Frequently Asked Questions

Q: What documentation do I need?

A: We will email you a packet that includes a general application, dog adopter survey if you are interested in receiving a dog from us, a client health form to be filled out by a member of your health team, and an agreement form. Additionally, we will need a copy of your DD214 (we do not keep copies after checking it off), and updated vaccine records if you already have a dog. 

Q: If I already have a dog, can it be trained to be a service dog in your program?

A: If you already have a dog that you think would be a good service dog but needs further training, we’ll set up a time to meet with you and your dog to perform an evaluation.

It is important to bear in mind, if you already have a dog or are looking at getting a dog on your own before entering our program, that not all dogs end up being suitable for public access work. This is true of both privately owned dogs and the dogs that we bring into our own training program. There’s no sure-fire way to tell from the start whether a dog will turn out to have the rare aptitude and personality required for this job. If a dog that is placed with a veteran through our program turns out not to be suitable for that veteran’s needs, we will take the dog back and arrange a different placement for it (either with another veteran or in a private home). If a veteran brings their own dog into the program and for whatever reason it turns out not to be suitable for service work, we will not be able to help with alternate placement for that dog.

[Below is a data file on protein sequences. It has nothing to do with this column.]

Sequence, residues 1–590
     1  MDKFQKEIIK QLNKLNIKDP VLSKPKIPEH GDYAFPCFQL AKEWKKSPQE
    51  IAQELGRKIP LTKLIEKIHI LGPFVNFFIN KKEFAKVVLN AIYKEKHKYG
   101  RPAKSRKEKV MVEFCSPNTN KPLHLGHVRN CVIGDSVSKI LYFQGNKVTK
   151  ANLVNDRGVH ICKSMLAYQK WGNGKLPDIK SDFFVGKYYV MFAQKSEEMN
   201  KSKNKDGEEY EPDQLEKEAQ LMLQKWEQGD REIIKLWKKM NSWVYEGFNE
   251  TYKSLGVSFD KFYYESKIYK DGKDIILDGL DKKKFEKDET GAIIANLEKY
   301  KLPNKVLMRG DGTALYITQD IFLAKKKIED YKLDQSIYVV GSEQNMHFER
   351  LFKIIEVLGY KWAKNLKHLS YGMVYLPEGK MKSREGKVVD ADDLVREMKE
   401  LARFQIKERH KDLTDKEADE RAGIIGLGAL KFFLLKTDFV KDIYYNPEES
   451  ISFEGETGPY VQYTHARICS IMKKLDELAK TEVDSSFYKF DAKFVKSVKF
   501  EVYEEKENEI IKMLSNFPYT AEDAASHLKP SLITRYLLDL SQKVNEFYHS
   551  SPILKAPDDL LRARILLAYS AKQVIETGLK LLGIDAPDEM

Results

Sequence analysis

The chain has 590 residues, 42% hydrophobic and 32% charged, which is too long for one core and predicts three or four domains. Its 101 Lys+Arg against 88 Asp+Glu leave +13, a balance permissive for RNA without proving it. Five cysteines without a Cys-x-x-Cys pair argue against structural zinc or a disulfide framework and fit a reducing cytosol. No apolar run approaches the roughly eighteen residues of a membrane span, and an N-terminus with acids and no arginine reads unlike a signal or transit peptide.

Q: Where are the classes held?

A: Utah: CWAC’s main office and training room is located in Salt Lake City, UT. We utilize facilities in other locations such as VFW Halls and private training facilities. Reno: We are grateful for the continued support of “Fur and Featherworks” for allowing us to use their space for our training. 

 

Q: If I live outside of the area or outside of the state of Nevada or Utah, can I still get a dog?

A: CWAC does not provide fully trained service dogs; our program depends upon the veteran’s attendance in weekly classes, where we train the veteran to train their dog. We do not generally place dogs that we consider to be service dog candidates with anyone who is not enrolled in our training program, which means being within a reasonable commuting distance to one of our locations. 

Q: I have a dog that I believe is already well-behaved enough to be a service dog. Will you give us a test and certify us so my dog will officially be a service dog? Will you provide us with documentation for a landlord or employer certifying the dog?

A: There is no officially recognized service dog certification or registry. We do “certify” our canine partnership teams at a certain point in their training, meaning that we put our organization’s name behind their training and ability, but we do not provide that endorsement to anyone who has not trained with us. Similarly, we will not in any way endorse a companion dog or emotional support animal (both of which are different classifications from a public access service dog) to landlords or employers for people and dogs who are unknown to us. For veterans who are enrolled in our program, we will be advocates for them when they’re facing challenges or difficulties with their dogs’ status or their own housing with their dog. We are happy to offer what advice or referrals we can, if you’d like to contact us.